Every hospice faces patients whose needs are beyond our usual parameters—patients who require “complex care.” Consider, for example, the newborn with multiple anomalies or the ALS patient on BiPAP. Or perhaps a patient who is experiencing ventilator withdrawal or another who has attempted suicide. The next obvious question is what should we be doing differently?
At Chapters Health System, which operates LifePath Hospice in Temple Terrace, FL and Good Shepherd Hospice in Sebring, FL, we have established a formal process to better serve these patients and their families. This process, which we refer to as our “Complex Case Format,” helps us coordinate the multiple priorities, ensure maximum communication among staff at all levels, and provide flexibility to adapt, depending on the patient and family’s current needs.
In this post (read the full article online), we review the steps involved in the Complex Case Format.
The Complex Case Format
There are four primary steps in this process. The following sections will identify the objective and process for each step and how each step in the complex case format relate to one another.
Step 1 – Gather Information
Obtain the past and current medical information about the patient, but also identify family dynamics, the decision-makers, caregivers and spokesperson, as well as what the patient and the family expects and wants.
Step 2 – Inform All Involved
Advise the patient and family of what to expect from us, including time-frames and specifics such as the name and phone number of their hospice contact person. It’s also equally important to make sure that all staff who will be providing the care have the pertinent information about the patient and family.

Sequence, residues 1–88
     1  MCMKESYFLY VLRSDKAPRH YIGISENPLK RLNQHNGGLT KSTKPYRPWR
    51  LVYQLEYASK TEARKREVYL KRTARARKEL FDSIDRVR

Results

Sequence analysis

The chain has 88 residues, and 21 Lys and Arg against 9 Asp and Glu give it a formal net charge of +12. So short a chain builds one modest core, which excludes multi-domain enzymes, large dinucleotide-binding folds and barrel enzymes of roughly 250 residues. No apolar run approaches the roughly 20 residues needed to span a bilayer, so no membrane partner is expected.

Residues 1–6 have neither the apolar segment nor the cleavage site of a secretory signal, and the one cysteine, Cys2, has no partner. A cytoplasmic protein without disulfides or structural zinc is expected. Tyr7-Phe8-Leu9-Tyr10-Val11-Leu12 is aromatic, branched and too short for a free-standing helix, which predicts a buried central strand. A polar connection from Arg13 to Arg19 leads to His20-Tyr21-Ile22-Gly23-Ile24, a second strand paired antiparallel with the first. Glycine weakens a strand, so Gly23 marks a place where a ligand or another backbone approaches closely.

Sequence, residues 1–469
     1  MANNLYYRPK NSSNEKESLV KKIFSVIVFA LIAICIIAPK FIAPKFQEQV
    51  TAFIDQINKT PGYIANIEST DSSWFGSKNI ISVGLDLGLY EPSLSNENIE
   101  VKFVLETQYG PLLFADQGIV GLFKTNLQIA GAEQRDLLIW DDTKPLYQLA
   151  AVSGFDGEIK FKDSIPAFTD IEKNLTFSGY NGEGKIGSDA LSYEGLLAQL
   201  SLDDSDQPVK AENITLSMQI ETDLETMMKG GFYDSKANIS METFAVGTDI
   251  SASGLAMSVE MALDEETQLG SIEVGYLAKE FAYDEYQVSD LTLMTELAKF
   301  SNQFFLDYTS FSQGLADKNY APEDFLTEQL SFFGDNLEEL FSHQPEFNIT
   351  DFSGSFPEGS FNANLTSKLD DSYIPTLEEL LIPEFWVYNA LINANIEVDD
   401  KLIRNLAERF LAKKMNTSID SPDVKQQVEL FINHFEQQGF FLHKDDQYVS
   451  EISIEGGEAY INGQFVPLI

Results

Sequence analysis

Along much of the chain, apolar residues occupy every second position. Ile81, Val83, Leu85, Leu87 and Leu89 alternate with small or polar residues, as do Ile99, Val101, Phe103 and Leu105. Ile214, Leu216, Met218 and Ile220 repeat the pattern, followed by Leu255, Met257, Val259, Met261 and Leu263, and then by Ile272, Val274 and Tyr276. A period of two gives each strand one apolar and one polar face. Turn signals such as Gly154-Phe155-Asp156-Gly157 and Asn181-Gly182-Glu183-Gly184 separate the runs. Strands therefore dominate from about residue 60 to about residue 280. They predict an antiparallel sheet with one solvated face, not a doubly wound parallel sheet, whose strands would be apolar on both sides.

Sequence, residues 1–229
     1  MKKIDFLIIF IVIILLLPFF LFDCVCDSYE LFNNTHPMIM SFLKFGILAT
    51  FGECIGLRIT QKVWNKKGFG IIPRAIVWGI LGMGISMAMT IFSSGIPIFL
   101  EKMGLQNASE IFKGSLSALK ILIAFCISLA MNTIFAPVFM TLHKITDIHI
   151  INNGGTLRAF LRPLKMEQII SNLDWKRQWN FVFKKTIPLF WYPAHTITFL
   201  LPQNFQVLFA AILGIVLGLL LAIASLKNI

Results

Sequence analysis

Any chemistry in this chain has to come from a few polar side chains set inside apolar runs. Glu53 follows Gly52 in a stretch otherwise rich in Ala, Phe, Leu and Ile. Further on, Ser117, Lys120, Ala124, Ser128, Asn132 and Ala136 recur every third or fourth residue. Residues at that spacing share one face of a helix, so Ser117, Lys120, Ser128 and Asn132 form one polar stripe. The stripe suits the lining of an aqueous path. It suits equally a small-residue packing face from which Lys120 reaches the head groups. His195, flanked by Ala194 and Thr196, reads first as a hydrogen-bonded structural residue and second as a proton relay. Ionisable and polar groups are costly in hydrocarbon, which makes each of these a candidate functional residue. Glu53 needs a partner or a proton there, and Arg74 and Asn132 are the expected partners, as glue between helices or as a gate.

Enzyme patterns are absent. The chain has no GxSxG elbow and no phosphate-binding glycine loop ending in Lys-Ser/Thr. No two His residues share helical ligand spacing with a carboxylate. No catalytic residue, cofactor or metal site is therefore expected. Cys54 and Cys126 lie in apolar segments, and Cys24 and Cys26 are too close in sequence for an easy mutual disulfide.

Step 3 – Conduct a Complex Case Conference
Oftentimes conducted as a conference call, this meeting should present and discuss the case, and ultimately determine if the hospice should admit or not admit the patient to service. Thus, it’s essential that all necessary parties take part in the meeting, such as the certifying physician; MD or ARNP who will be attending the patient; RN who has been coordinating the admission; social worker and/or chaplain; the admissions manager; manager of the receiving team and/or designee; and any specialty staff (e.g., a respiratory or infusion therapist).
Step 4 – Debrief
After the high-intensity portion of the patient’s care is accomplished, have the same people who participated in the conference reconvene to assess and identify what went well and what changes might be needed in future complex cases.
Benefits of the Complex Case Format
By including all of the players in the discussion—patient, family and staff—everyone understands what is expected, each other’s role and function, and how the pieces work together. This level of coordination helps to reduce anxiety and empowers staff to make wise decisions. The process itself can be likened to that of an orchestra, where planning and communication ensure a harmonious outcome. Of course, the demands and available resources for each hospice may be quite different, so this format is really only meant to be a starting point for your organization, not a “one size fits all” solution.
Leslie Szasz is a senior nurse preceptor at Chapters Health System, with 38 years of healthcare experience. In her current role, she provides both classroom and in-home training for team preceptors and staff. Janis Tucci has worked in the field of nursing for 45 years. She joined LifePath Hospice in 2008, and has served as the manager of Melech Hospice House since 2009.
This feature is an excerpt from an article that was originally featured in NHPCO’s June 2013 Newsline.